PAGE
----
I’ve long been acquainted with Tucson, Arizona based Eric Johnson through his work with Black Sun Ensemble and Sun Zoom Spark. Eric Johnson’s Action Figures is his first solo album, and it truly is a solo effort, with Eric writing all the music, playing all the instruments, and doing the CD art work.
There’s a lot of variety across the 13 songs on this album. Soul Retrieval, The Space Between and The Party Is Over are all chunky stompin’ rockers with a 70s feel. Soul Retrieval is a highlight, combining a cool dirty guitar sound and tasty acid psych guitar, and looming in the background is a Kraftwerk-like alien electro pattern that grooves along lightly with the heavy rock drumming. Inside Outside, Closer, and Demonstration are similar tunes, though with an upbeat groove. I like the sci-fi keyboard melody that contrasts with the rockin’ guitar on Closer. Demonstration is a bit different, having a psychedelic country feel and a cool combination of acoustic and dirty electric guitar.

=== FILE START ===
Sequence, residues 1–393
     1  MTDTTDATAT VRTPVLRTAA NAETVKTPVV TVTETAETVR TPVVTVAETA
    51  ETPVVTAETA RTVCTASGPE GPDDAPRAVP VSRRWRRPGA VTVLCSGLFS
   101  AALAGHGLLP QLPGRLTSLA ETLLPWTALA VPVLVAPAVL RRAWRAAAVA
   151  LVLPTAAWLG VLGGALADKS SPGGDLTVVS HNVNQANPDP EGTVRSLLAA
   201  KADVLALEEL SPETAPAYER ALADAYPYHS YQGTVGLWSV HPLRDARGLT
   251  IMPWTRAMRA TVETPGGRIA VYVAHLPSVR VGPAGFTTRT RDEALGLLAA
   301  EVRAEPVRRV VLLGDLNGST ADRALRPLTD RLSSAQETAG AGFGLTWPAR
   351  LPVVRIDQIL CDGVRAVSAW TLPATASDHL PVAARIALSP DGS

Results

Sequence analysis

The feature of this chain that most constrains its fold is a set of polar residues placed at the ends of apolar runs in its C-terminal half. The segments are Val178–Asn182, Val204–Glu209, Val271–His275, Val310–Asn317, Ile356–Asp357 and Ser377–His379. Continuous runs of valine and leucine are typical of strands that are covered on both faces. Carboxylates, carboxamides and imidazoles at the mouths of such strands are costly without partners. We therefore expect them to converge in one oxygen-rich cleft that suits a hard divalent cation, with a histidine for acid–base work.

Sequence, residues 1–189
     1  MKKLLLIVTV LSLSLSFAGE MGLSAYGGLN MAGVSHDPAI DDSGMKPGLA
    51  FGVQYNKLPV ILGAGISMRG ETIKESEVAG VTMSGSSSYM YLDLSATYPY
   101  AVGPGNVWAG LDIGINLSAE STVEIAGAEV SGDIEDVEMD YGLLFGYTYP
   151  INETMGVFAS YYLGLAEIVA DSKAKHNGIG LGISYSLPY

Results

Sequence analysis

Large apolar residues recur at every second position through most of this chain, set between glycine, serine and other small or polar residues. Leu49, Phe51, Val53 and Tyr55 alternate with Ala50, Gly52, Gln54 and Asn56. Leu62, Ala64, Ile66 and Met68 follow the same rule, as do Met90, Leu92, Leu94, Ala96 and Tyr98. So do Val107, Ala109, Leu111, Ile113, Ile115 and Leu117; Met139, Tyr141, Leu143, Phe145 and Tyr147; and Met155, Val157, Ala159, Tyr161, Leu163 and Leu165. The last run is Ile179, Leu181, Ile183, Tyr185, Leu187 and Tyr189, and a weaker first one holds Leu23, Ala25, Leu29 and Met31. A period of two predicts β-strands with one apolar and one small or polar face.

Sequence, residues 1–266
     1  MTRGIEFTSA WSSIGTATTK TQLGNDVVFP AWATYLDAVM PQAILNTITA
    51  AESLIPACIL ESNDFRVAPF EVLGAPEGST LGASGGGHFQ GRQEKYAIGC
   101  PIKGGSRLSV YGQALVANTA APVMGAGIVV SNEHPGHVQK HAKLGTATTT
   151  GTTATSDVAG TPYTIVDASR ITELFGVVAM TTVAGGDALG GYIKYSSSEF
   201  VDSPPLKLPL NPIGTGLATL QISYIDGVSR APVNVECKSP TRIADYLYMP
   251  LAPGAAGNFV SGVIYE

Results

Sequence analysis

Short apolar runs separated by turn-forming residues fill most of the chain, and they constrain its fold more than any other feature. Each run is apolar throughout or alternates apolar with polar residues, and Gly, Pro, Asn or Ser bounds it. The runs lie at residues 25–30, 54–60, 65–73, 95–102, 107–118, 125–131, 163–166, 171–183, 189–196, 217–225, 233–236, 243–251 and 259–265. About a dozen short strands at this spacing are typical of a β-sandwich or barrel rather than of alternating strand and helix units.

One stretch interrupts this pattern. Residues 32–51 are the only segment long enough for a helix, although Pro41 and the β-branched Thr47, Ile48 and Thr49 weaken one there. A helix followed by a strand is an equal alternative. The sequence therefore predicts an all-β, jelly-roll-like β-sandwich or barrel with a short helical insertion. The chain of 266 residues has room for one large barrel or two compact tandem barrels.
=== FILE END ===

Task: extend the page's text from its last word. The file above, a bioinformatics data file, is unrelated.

Among my favorites is Barrett’s Blues, a stoned rocker that’s Bluesy but also has a bit of the ethnic feel of Black Sun Ensemble. The Device is a wickedly ass kickin’ monster guitar heavy spaced out hard psych rocker. Night Sea Journey, Black Queen, and Season of Circles are acoustic driven songs that blend folk and progressive rock. I especially like Eric’s acoustic guitar on Night Sea Journey. Season of Circles is a real standout, having a more intense prog-psych edge, and I like how the strained dissonant guitar offsets the otherwise pleasantly dreamy melodic drift.
Going in even more different directions is Orange Made World, an upbeat piano led instrumental with eerily pleasant spacey keys, alternating with dreamy ambient sections. And Carry Me Away is a blend of singer-songwriter and 60s pop-psych, and even has a bit of a Beatles feel.
In summary, there’s lots of interesting variety on Eric Johnson’s Action Figures. He employs a range of instrumentation and the production and arrangements are impressive for him having handled it all himself. For me the strongest tracks are the heavier ones with the psych influences, as well as the folk-prog infused songs. But that’s a reflection of my own taste. Eric serves up lots of variety without getting too stylistically scattered.
For more information visit the Slow Burn Records web site at: http://www.slowburnrecords.net
Reviewed by Jerry Kranitz